Russian volunteers were distributing aid collected by Russia’s Muslim and Christian communities outside the building and at another location.

The Russian Orthodox Church said none of its staff were hurt.

2:50 p.m.

Turkey’s state-run news agency says a Turkish military convoy has been dispatched to establish an observation post in northwest Syria.

The Anadolu Agency says the convoy reached a rural area in the western countryside of the province of Aleppo to establish Turkey’s fourth post in Syria’s largest rebel stronghold.

Turkey began deploying forces in an observer role to northwestern Syria in October, as part of a "de-escalation" agreement with Iran and Russia to stabilize the lines of conflict in war-torn Syria.

The deployment comes amid heightened tensions between rebels and pro-government forces at their shared frontier, after the government retook a contested air base in January.

The Britain-based Syrian Observatory for Human Rights reported a convoy of dozens of armed vehicles crossed into rebel-held territory from Turkey early Monday.

A similar convoy was struck by a car bomb while transiting through rebel territory last Tuesday. It was not clear who was behind the attack, which killed a civilian who was part of the convoy.

2:30 p.m.

Syrian activists say at least 23 civilians have been killed in intense government airstrikes on a rebel-held suburb near Damascus.

The Syrian Observatory for Human Rights says waves of airstrikes hit at least five neighborhoods in the Eastern Ghouta suburb, the only remaining rebel stronghold near the capital, Damascus.

The activist-run Ghouta Media Center also reported that 23 were killed. The Observatory says at least 70 have been wounded and that the number of casualties is likely to climb as rescuers operations are underway.

Among those killed was a rescue worker from the first-responders team known as White Helmets. The two groups say he died on duty in Arbeen, one of the neighborhoods hit by the airstrikes.

An estimated 400,000 residents live in Eastern Ghouta, besieged by Syrian government forces. ___

11:45 a.m.

Syrian activists say two hospitals have been hit amid a wave of airstrikes on opposition-held areas in the northwest province of Idlib, the largest remaining rebel stronghold in Syria.

The bombardment comes after rebels shot down a Russian fighter jet on Saturday.

The activist-run Edlib Media Center and the Britain-based Syrian Observatory for Human Rights say one of the bombed hospitals was in the town of Kafranbel. They say it was hit on Monday morning.

Also, a spokesman for the Syrian American Medical Society says a hospitals it operates was struck three times on Sunday night.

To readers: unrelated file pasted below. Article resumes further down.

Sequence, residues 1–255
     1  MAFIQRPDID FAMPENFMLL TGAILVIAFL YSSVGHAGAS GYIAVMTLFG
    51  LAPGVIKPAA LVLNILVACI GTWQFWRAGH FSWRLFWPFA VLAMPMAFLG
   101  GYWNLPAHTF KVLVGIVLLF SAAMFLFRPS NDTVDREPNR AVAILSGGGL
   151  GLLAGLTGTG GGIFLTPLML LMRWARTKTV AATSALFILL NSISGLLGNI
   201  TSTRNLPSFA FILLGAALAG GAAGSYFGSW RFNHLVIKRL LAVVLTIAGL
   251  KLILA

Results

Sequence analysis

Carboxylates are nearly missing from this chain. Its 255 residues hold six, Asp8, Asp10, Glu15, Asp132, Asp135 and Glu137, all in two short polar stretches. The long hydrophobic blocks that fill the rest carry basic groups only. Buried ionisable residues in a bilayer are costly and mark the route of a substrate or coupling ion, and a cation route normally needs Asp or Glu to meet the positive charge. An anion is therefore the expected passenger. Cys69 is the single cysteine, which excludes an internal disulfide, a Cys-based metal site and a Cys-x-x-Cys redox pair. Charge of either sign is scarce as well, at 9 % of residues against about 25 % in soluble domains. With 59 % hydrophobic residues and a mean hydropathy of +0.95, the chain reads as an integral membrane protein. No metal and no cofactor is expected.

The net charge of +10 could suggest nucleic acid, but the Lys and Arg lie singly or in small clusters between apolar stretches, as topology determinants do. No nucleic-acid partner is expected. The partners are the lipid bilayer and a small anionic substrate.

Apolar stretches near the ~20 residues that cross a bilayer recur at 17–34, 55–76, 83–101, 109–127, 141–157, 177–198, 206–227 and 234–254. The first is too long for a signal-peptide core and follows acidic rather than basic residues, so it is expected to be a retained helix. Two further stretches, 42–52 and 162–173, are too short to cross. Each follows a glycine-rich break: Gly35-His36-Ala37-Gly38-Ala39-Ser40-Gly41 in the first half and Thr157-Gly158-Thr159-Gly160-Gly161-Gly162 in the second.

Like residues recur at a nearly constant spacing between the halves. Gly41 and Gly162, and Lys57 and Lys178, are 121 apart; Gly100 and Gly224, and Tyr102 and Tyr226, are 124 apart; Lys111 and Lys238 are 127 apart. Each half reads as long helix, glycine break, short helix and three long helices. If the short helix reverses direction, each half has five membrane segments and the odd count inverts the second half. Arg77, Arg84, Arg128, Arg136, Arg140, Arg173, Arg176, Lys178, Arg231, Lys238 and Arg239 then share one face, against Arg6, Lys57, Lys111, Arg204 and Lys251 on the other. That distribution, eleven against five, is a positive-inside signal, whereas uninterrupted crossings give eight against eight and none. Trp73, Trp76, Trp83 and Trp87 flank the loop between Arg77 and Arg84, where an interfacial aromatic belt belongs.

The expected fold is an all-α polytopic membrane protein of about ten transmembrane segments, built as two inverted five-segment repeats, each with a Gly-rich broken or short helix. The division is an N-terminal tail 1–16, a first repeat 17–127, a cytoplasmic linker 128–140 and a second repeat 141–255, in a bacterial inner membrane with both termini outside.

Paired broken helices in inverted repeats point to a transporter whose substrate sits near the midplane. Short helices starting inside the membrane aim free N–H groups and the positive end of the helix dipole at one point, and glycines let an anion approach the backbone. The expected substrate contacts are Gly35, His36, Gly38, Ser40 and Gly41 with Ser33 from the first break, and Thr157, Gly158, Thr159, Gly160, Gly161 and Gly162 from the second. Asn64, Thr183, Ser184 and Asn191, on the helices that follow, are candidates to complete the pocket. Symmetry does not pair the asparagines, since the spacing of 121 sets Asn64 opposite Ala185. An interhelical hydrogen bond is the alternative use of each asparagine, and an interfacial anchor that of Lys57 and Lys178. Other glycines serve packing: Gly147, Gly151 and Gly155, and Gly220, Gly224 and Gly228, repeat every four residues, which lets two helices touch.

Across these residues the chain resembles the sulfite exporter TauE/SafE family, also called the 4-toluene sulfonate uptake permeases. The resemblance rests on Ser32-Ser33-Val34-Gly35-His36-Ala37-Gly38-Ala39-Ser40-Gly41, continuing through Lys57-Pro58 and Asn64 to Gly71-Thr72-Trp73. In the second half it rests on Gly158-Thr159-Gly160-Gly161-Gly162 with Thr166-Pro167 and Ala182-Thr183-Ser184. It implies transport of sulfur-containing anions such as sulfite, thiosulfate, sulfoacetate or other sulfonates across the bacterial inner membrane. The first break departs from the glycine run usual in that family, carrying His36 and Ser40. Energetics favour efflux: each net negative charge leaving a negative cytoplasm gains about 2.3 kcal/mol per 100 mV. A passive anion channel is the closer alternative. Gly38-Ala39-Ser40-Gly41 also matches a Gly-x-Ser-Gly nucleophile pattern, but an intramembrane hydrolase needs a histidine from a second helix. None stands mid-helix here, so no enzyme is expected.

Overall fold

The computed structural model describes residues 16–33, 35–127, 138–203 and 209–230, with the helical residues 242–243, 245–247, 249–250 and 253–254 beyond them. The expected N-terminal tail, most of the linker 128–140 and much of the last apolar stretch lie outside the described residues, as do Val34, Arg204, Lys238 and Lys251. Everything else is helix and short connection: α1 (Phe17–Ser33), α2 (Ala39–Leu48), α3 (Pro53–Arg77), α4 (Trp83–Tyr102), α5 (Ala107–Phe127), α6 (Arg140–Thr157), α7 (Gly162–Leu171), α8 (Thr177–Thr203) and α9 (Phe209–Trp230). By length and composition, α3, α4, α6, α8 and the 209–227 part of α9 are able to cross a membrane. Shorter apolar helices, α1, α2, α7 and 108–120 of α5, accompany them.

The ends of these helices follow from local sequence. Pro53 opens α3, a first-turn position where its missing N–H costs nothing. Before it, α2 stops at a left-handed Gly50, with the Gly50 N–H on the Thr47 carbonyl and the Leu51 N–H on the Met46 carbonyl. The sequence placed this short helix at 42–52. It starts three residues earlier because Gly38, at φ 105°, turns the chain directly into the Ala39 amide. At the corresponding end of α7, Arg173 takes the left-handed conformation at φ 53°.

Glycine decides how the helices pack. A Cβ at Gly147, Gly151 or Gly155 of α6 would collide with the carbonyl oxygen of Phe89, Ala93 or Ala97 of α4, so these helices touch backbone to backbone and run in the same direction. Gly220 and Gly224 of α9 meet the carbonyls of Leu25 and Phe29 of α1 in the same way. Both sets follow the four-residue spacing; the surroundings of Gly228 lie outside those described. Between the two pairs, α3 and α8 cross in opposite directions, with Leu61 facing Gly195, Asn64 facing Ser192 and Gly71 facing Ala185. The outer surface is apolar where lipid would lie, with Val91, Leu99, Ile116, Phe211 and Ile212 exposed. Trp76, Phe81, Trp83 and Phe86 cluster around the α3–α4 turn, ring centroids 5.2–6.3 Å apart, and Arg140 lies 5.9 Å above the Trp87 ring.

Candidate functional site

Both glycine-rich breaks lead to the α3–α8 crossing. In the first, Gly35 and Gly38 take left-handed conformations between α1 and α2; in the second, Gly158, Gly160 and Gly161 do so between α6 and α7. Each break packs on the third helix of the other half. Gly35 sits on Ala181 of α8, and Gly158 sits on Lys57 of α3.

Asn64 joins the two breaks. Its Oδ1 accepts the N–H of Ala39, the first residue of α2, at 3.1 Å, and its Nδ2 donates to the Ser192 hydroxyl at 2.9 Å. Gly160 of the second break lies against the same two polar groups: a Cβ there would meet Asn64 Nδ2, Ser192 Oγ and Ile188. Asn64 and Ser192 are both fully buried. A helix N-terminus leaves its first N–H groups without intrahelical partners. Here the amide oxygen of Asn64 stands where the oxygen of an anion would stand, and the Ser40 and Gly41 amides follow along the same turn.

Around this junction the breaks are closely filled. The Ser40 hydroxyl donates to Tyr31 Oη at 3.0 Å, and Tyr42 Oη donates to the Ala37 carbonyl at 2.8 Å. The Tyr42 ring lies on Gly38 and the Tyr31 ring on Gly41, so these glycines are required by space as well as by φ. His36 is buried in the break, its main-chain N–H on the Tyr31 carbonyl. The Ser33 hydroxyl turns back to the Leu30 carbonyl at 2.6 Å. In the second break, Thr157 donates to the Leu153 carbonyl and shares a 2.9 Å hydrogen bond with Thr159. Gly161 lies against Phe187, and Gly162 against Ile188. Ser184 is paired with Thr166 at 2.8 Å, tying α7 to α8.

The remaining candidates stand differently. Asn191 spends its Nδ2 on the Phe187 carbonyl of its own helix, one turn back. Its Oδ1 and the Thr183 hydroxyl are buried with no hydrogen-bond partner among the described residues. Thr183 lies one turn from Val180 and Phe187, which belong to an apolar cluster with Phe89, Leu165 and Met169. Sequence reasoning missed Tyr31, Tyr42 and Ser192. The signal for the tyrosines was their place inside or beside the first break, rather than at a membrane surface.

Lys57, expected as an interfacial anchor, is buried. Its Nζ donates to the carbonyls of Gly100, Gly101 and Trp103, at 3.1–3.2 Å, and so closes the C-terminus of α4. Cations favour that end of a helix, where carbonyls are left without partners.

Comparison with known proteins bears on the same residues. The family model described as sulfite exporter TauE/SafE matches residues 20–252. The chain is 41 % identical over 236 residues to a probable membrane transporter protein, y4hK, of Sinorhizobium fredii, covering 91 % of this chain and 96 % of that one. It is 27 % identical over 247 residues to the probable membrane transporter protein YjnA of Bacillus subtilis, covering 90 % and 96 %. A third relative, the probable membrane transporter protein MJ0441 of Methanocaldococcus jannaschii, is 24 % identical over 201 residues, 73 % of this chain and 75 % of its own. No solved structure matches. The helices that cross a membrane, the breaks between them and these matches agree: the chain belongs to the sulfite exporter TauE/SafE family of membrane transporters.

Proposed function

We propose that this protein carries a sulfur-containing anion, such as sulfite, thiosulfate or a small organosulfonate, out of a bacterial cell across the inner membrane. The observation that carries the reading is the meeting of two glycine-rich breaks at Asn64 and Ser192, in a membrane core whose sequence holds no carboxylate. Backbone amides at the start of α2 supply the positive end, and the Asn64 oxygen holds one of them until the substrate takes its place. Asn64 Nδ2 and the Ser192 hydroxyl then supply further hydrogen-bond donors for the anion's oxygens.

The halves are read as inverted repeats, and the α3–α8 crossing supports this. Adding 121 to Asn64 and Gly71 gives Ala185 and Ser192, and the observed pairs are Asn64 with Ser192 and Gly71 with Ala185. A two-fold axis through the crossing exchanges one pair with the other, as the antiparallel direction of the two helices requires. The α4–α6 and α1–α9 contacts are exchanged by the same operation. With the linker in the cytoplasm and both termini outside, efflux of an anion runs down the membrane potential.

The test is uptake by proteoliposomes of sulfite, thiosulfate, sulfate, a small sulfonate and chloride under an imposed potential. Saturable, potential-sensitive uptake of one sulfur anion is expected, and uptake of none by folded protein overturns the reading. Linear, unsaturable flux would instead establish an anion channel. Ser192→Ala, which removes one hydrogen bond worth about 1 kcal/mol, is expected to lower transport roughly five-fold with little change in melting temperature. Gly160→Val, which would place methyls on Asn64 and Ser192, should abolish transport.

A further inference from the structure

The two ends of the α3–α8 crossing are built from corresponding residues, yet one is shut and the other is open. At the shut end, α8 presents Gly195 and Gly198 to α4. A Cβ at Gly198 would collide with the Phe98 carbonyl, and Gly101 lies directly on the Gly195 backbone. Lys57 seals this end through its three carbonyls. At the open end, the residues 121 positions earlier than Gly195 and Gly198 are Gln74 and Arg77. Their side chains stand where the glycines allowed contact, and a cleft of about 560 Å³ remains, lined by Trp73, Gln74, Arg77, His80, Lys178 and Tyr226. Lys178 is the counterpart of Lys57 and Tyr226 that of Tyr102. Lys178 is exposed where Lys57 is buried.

The spokesman, Mohamad Katoub, says the hospital is in the town of Maaret al-Numan and is no longer operational.

A hospital supported by Doctors Without Borders was damaged in an airstrike last Tuesday.

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Antioch killing over stolen laundry

Three men looking for clothes stolen from an Antioch apartment complex laundry room shot and killed a man who wasn’t involved in the theft, police said Thursday.

Boise Alexander Duggan and Jeremy Mark Griffin, both 24, and Johntue Felix Hinds, 28, have each been arrested and charged with murder and assault with a firearm in the Nov. 14 slaying of Juan Jose Hernandez.

Griffin, who lives in Oakley, was also charged by Contra Costa County prosecutors with being a felon in possession of a gun and dissuading a witness. He and Duggan, a Concord resident, are also being held on alleged parole violations.

The incident began when Griffin, Duggan and a third person found that their clothes were missing from a laundry room at the Delta Pines apartment complex at 2301 Sycamore Drive, said acting police Sgt. Santiago Castillo.

Griffin, Duggan and Hinds, an Antioch resident, then went to a unit where they believed the thief was staying, Castillo said.

"There were multiple people inside the apartment at the time, which included the victim, who had nothing to do with the theft of the laundry," Castillo said.

An argument erupted, during which Hernandez was shot dead.

All three defendants are being held without bail at County Jail in Martinez.

Henry K. Lee is a San Francisco Chronicle staff writer. E-mail: hlee@sfchronicle.com Twitter: @henryklee